Marc EckoAfter months of fending off the creditors he attracted during his wild spending sprees, Marc Ecko has finally succumbed to financial pressures by forfeiting control of his trademark company. On Oct. 27, Ecko inked a deal with Iconix -- the brand which owns clothing lines, Rocawear and Joe Boxer -- giving up a 51 percent share in the Mark Ecko brand. In return for surrendering the majority share of his company, Ecko will receive $63.5 million cash and $90 million in financing for the joint venture with Iconix. Earlier this year, Ecko was forced to layoff employees and sell some of its' trademark brands, including Avirex, in an attempt to cut costs.

Despite losing control over his once iconic hip-hop brand and receiving endless criticism about his wild spending habits, Ecko didn't seem particularly perturbed by the situation. In addition to joking with the New York Post about the status of the basketball court in his 280,000 square foot Manhattan office, he also managed to write off his company's decline as a misfortune he could walk away from without looking back."I've had a crazy, wild ride. I've done a lot of things that have been naive," Ecko said. "I'll take my lumps for a lot of things that, in retrospect, were a little indulgent. Life happens. I don't regret any of it."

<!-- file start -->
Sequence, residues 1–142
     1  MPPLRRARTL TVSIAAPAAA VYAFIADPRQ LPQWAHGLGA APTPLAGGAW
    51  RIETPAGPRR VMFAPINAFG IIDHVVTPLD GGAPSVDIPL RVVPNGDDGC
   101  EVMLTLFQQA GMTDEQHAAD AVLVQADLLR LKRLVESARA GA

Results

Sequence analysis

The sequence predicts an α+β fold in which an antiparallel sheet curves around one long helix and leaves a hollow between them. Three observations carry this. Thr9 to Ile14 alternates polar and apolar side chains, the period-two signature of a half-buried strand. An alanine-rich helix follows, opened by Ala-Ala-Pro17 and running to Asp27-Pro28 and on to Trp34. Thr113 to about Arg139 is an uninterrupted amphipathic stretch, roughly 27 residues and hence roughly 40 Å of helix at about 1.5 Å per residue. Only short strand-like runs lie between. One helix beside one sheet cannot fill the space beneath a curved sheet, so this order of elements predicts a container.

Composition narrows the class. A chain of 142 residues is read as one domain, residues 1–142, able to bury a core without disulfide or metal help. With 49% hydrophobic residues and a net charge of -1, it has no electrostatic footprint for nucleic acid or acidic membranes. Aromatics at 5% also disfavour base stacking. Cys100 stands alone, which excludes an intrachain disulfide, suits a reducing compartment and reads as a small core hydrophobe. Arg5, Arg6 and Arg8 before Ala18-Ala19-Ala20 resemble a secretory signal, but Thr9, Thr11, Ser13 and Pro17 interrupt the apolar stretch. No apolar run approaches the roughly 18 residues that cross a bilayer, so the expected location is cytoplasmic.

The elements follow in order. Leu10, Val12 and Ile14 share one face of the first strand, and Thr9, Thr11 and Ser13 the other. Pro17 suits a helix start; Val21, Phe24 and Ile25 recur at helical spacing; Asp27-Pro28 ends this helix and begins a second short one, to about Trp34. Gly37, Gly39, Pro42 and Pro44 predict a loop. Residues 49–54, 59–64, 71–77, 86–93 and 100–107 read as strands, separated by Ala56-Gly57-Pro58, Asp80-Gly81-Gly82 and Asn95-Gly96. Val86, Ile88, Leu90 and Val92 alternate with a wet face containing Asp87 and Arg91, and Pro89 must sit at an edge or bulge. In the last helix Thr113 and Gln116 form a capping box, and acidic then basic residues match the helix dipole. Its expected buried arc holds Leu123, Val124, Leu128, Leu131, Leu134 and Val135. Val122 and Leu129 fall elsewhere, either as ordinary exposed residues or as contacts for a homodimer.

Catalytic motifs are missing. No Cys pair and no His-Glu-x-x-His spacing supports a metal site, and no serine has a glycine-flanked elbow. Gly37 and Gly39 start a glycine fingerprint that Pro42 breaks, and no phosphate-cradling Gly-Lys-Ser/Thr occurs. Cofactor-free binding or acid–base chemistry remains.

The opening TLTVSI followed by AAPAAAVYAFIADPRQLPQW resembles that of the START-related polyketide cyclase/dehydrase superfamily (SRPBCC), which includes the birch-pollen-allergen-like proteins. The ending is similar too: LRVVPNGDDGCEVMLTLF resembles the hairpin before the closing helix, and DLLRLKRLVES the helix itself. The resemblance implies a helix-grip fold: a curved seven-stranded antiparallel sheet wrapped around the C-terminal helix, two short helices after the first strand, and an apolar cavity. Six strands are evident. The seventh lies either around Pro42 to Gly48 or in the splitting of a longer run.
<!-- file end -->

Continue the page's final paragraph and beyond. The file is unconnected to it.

Some of Ecko's comfort might come from the fact that Iconix, a New York-based company, has decided to keep him on board as chief creative officer for the new joint venture. The clothing line has long been criticized for falling out of touch with the hip-hop crowd it first aimed to target but Iconix CEO Neil Cole has already begin to put in work on that damage-control campaign. "Kids are not wearing big, baggy things with logos on them -- it just looks different now," he said. "I promise you these kids are not naked out there and they're not wearing my father's clothes."

Nothing like a corporation to dictate what's happening in the streets.